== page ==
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Sound off: It’s up to voters to decide on Island County’s future
By Helen Price Johnson
Island County commissioner
Island County remains in a sustained budget crisis and is about to hit a financial wall.
This critical, ongoing challenge is traced to the national economic recession and Island County’s past budgetary reliance on revenues from new housing construction. State Initiative 695 and Initiative 747 added to the financial “perfect storm,” creating a budget gap which now compromises the future financial solvency of Island County.
Initiative 695 reduced funding for law and justice and public health. Initiative 747 limited the county’s property tax levy from increasing by more than 1 percent, while costs increased an average of 3 percent between 2002 and 2009. County government can no longer largely base its budgets on growth in sales tax revenue and other revenues from new construction to fund essential services. Its financial solvency is threatened and will be in peril without prudent and responsible revenue adjustments.
This economic situation exists despite already reducing expenses by $4.2 million, which is about 20 percent of the Current Expense Fund. County funding methods previously allowed by the state – sales taxes, real estate excise taxes, investment income and property taxes – are no longer sufficient to sustain even the most basic of county services closely connected to quality of life.
Basic county services in jeopardy include law enforcement, courts, public health, roads, environmental protection, community planning, elections, public records, courthouse hours, staffing and computer technology, animal control, parks, senior services and WSU Extension. Cutting just the last two doesn’t solve the problem of keeping up with inflation, it would have negative social and economic impacts to our community, and cost taxpayers more in the long run. We would need to cut $5 million more than that over the next five years to avoid using up all our cash reserves. But there is no place left to cut.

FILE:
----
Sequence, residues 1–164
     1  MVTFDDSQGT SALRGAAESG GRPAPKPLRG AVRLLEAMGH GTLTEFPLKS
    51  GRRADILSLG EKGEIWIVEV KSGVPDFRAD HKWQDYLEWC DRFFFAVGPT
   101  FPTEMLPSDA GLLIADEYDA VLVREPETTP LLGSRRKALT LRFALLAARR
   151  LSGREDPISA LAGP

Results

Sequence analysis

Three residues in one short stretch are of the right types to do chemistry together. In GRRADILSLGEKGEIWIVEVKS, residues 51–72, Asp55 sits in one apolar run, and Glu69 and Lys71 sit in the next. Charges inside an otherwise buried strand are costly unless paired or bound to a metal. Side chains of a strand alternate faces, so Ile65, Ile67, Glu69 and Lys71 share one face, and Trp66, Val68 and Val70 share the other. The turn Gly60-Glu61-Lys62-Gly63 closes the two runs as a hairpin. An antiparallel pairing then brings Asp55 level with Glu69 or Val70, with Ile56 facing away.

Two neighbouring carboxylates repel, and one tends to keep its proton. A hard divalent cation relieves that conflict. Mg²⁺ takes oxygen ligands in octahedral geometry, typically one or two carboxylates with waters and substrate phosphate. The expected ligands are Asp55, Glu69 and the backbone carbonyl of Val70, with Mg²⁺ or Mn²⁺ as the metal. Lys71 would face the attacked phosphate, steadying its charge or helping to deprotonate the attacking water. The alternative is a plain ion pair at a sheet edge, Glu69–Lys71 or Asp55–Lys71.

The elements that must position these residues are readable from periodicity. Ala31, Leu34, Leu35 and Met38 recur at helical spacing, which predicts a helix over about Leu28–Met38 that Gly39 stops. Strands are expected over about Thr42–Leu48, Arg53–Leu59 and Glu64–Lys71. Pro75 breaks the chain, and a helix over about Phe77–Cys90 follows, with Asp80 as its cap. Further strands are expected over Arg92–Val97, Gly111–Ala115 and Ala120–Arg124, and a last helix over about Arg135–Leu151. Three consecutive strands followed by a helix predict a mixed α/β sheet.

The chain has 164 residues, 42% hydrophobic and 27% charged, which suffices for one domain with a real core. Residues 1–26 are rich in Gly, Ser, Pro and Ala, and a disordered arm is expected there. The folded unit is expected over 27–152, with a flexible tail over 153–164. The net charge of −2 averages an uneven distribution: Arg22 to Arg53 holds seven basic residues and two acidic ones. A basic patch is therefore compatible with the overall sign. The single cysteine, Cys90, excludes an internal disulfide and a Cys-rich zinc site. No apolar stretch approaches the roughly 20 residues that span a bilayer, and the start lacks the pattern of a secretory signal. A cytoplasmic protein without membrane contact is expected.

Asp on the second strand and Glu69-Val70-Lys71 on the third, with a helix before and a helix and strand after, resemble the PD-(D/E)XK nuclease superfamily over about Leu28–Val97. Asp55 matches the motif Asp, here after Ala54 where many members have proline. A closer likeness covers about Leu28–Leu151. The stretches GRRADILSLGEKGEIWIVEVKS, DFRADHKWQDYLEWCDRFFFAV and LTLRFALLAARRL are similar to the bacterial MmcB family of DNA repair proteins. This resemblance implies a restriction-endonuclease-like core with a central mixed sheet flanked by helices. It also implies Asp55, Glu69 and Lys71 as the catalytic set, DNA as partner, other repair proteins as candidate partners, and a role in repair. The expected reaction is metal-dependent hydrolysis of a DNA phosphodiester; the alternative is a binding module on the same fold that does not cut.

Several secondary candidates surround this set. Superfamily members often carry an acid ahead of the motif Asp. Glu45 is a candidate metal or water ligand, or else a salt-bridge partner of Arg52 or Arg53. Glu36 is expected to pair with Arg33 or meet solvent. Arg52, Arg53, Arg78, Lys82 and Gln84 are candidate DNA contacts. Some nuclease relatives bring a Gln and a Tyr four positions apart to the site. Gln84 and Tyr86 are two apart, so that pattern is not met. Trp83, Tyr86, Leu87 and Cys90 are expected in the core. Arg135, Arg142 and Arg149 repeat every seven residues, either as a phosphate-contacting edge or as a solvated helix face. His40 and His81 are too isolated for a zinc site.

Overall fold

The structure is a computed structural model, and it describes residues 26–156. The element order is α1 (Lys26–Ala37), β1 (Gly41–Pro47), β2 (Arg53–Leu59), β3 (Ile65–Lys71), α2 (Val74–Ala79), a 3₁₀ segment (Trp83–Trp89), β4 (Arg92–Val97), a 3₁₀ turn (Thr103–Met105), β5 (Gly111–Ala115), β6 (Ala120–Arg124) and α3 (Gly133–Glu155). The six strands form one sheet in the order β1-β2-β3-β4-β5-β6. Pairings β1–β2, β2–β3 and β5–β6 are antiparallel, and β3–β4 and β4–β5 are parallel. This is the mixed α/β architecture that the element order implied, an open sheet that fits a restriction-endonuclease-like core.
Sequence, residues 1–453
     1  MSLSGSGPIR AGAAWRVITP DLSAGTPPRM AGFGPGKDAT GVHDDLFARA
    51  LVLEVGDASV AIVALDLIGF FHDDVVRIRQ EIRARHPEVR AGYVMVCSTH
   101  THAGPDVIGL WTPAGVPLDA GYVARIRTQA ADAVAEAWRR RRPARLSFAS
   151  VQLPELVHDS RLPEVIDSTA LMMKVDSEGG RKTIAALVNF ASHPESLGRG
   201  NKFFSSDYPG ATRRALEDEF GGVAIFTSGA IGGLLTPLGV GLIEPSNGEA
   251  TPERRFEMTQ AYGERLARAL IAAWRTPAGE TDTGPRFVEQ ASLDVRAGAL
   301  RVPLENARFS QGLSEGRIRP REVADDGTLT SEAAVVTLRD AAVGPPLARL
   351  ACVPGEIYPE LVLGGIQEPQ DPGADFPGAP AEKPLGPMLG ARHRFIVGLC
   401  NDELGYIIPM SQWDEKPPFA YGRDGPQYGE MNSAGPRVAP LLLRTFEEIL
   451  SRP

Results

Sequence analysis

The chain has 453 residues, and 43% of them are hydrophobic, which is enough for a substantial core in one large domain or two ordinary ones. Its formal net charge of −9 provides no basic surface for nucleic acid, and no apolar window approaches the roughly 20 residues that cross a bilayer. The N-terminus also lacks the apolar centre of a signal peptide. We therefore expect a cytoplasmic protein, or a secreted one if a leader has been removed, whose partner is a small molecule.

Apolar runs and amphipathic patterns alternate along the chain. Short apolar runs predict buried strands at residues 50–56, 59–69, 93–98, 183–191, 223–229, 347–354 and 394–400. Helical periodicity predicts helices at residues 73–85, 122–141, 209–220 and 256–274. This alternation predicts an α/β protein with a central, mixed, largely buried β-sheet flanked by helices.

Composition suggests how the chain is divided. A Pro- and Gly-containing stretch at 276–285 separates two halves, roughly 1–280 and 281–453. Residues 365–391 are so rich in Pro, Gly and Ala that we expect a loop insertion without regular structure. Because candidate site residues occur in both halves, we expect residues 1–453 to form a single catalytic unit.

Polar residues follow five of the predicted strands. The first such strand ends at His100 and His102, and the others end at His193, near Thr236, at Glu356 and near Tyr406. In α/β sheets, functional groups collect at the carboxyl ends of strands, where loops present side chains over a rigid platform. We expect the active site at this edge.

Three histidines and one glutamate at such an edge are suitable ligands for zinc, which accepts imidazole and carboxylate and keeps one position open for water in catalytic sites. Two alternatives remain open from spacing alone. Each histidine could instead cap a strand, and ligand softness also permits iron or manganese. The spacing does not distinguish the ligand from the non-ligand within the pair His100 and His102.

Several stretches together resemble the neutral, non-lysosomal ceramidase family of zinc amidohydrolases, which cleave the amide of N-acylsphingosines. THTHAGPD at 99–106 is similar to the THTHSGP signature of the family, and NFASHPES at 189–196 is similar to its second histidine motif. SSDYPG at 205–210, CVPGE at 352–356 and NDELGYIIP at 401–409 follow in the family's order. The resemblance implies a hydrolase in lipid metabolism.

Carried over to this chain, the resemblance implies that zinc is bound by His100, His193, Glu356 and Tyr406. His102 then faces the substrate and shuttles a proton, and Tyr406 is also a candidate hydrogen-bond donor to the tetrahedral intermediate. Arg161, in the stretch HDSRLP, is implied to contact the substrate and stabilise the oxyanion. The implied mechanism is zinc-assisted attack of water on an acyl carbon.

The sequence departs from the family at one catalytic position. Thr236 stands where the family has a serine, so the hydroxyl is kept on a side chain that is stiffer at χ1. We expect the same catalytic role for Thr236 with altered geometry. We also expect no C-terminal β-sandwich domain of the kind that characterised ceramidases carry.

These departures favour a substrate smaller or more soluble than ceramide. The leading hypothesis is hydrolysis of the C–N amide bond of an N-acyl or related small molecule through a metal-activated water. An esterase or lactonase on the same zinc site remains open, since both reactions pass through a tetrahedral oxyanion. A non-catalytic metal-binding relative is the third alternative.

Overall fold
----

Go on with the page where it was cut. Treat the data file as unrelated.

As mentioned, expenses were cut by $4.2 million or approximately 20 percent of the Current Expense Fund between 2008-2010. The county workforce was reduced by over 50 positions. Work hours were reduced for many positions. Offices shortened their hours open to the public as a result of fewer employees. Health insurance benefits were reduced for all elected officials and non-union employees. Cost of living increases were eliminated, up to three years for some. Commissioners reduced their compensation by 10 percent. Elected officials made donations to the county and eliminated travel reimbursements. Fees for service were adjusted where prudent to recoup cost of doing business. Energy consumption was reduced by 30 percent with estimated savings of $50,000 annually. Facilities were consolidated. The county partnered with South Whidbey Parks & Recreation, avoiding possible state closure of Deer Lake, Lone Lake and Goss Lake park facilities, and volunteers in a new Adopt-a-Park program stepped in to help maintain county parks.
The financial shortfall for 2010 will exceed $1.2 million and five-year financial forecasts show that despite rigorous budget reductions, Current Expense Fund expenses will continue to exceed revenues by over $1.8 million per year, completely exhausting Island County’s cash reserves by 2014 and leaving the county’s elected officials unable to provide fundamental support and services required by law.
To protect the financial viability of the County Current Expense fund, the Board of County Commissioners will ask Aug. 17 primary election voters if they wish to set the county’s regular property tax higher than the current limit otherwise allowed by state law. While the 2011 tax rate would be 59 cents per $1,000 of assessed value – the lowest rate in the state, with only five of 39 counties under $1 – the board seeks voter approval of a 16 cent increase, bringing the levy rate to 75 cents per $1,000 of assessed value.
The proposed increase would generate approximately $2,059,776 additional revenue for 2011. For the four years following 2011, the proposition would also allow a 1 percent increase each year or a percentage increase tied to the Consumer Price Index (CPI) for the Seattle-Tacoma-Bremerton area, whichever is higher.
Revenues from the property tax increase, if approved by voters, would be used for the limited purposes of retaining public safety and other essential services and, secondarily, gradually replenishing the county’s contingency cash reserves.
While this request is neither comfortable nor popular, and understanding it comes at the most inopportune time, it would be negligent to not inform islanders of the facts so that they can make informed decisions about the future of their government services.
Helen Price Johnson is chair of the Board of Island County Commissioners.